In the neighborhood of Richmondtown, you can find a nice, quiet area that pulls you back in time. This would be Historic Richmond Town, an area that has preserved Staten Island’s past for its present and future residents. Today, Historic Richmond Town is operated by both the Staten Island Historical Society and the New York City Department of Parks and Recreation. It has many historically-significant homes, stores, shops, ad objects from the past. Of these historically-significant buildings, some of them had been originally built here, while others had been moved here to preserve them. A good amount of these homes are New York City Landmarks, as well.
Before 1898, which is when the City of New York came about, Cocclestown—or what is today known as Richmondtown—was the government center of Staten Island. The courthouse, the county clerk’s office, the jail, and a few other government offices had all been housed in buildings located on the site. Once the City of New York was created, however, the county government offices turned into city government offices, and the city built a new government center in the neighborhood of St. George, that way it would be closer to Manhattan.
One of the landmarked historic buildings that had been moved to Historic Richmondtown was the Boehm-Frost House, which actually just ended up replacing a house that had originally been built there, but had been destroyed. The Boehm-Frost House, which is really just the Boehm House, was built in the mid-to-late eighteenth century in the community of Greenridge, which is today’s Great Kills neighborhood. It had been erected at the corner of Giffords Lane and Arthur Kill Road and had additions made to it around the 1840s.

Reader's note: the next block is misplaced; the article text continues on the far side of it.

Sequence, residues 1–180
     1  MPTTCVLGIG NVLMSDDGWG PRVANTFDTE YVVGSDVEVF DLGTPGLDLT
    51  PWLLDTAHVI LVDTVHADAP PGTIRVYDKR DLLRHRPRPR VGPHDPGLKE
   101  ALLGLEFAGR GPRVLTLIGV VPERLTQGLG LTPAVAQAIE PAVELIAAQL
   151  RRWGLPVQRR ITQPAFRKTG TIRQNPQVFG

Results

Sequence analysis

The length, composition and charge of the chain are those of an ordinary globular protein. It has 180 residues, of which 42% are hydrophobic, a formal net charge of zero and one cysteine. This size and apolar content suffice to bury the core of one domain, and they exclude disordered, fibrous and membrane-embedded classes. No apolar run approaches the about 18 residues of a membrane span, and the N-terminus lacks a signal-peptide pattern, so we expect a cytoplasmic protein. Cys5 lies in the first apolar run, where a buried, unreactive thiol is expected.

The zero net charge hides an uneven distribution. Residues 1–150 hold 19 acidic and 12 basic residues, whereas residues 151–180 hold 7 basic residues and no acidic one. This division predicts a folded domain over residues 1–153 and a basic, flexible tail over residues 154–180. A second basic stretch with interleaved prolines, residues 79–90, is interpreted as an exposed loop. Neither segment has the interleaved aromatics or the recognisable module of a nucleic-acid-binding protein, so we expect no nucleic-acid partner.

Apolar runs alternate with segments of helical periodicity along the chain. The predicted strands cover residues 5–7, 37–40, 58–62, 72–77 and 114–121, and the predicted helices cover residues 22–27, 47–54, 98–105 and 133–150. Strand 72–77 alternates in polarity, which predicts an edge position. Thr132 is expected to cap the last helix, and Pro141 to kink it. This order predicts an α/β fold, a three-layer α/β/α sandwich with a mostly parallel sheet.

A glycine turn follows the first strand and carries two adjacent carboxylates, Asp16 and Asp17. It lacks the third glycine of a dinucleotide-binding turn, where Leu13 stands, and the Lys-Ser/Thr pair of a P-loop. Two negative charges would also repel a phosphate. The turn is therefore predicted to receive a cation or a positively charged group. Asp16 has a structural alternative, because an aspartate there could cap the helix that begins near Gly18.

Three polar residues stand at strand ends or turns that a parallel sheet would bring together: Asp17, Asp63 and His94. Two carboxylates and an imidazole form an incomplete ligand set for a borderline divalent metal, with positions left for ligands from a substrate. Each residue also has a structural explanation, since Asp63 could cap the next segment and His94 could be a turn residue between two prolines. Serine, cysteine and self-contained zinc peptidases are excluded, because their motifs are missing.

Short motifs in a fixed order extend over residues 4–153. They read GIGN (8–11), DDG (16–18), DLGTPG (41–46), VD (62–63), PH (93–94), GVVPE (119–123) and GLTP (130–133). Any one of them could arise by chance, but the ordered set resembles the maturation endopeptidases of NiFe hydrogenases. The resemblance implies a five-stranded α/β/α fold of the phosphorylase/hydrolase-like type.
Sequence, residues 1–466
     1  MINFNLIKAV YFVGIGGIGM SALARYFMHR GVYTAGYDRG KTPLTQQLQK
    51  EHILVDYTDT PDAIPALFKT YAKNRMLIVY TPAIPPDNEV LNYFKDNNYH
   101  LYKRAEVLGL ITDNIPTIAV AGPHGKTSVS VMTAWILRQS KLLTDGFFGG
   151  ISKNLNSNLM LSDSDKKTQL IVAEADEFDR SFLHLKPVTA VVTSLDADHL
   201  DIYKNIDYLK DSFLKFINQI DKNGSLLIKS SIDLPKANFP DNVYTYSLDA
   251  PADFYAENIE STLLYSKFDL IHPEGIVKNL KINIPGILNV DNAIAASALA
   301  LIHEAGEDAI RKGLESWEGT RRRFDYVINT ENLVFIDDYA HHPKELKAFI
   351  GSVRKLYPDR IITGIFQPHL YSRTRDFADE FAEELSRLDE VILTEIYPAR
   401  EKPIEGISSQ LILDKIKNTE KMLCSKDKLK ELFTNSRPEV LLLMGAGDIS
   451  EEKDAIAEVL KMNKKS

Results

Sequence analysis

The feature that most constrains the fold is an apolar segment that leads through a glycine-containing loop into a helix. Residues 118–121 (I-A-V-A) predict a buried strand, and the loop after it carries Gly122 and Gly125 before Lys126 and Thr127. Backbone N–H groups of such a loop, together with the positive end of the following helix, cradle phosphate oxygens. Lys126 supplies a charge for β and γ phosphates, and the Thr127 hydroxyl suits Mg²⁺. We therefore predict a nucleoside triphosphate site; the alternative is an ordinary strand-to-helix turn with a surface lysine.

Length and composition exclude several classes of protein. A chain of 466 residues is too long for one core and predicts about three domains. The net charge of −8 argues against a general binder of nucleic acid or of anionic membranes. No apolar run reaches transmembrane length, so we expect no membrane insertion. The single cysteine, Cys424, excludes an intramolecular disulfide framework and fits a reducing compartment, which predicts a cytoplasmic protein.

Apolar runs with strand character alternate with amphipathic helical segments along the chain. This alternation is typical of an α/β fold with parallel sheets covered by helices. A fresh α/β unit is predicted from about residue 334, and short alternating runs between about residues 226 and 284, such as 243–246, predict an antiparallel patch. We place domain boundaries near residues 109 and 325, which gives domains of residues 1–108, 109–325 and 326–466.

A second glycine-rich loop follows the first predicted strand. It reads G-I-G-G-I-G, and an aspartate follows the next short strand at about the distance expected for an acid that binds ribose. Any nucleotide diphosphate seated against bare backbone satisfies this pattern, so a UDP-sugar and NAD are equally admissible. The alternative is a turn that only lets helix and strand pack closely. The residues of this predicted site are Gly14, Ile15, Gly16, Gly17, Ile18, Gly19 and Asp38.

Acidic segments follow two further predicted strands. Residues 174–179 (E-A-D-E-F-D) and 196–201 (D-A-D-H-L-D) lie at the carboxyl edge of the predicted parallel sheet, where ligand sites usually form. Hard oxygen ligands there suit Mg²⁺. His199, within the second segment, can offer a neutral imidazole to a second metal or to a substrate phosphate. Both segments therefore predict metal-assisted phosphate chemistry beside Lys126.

Though this house had been constructed in the mid-to-late eighteenth century, there do not seem to be any records of its past occupants until about the 1850s, when Henry M. Boehm moved into the house. The Boehm family had occupied the home even after Henry M. Boehm had passed away.
Henry M. Boehm was a schoolteacher on Staten Island. He was the son of Father Boehm, who had traveled with Bishop Asbury and preached in the Woodrow Methodist Church for a year. Henry M. Boehm taught at the Southfield School District Number 3 for about twenty years, and then became the Richmond County School Commissioner in 1860. During his time as Richmond County School Commissioner, he went around to the schools in Staten Island and kept a detailed diary of each experience. Today’s Public School 55 on Staten Island is named for him.
As stated earlier, the Boehm House had been moved to Historic Richmond Town to replace a house that had been destroyed. This was because the two homes were very similarly built. The home that the Boehm House replaced was the house of Dr. Thomas Frost. Dr. Frost’s house was a significant part of this area because it had been used as the courthouse while the second County Courthouse was being constructed. Dr. Thomas Frost was a prominent physician during his time. The Frost House had been destroyed in the early 1880s.
The Boehm-Frost House was designated as a New York City Landmark in August of 1969. It had been designated as a landmark due to the fact that it is a simple, pre-American Revolutionary War framed, clapboard house. It also has brick end chimneys, with one side exposed to the outside on the first floor, and interesting windows where the top sash is bigger than the bottom sash. Another great feature is that the building is symmetrical. When the house was relocated to Historic Richmond Town, it was placed on the exact foundation that Dr. Frost’s house had once stood one, and it was restored to look like the Frost House.Posted by Anthony Licciardello on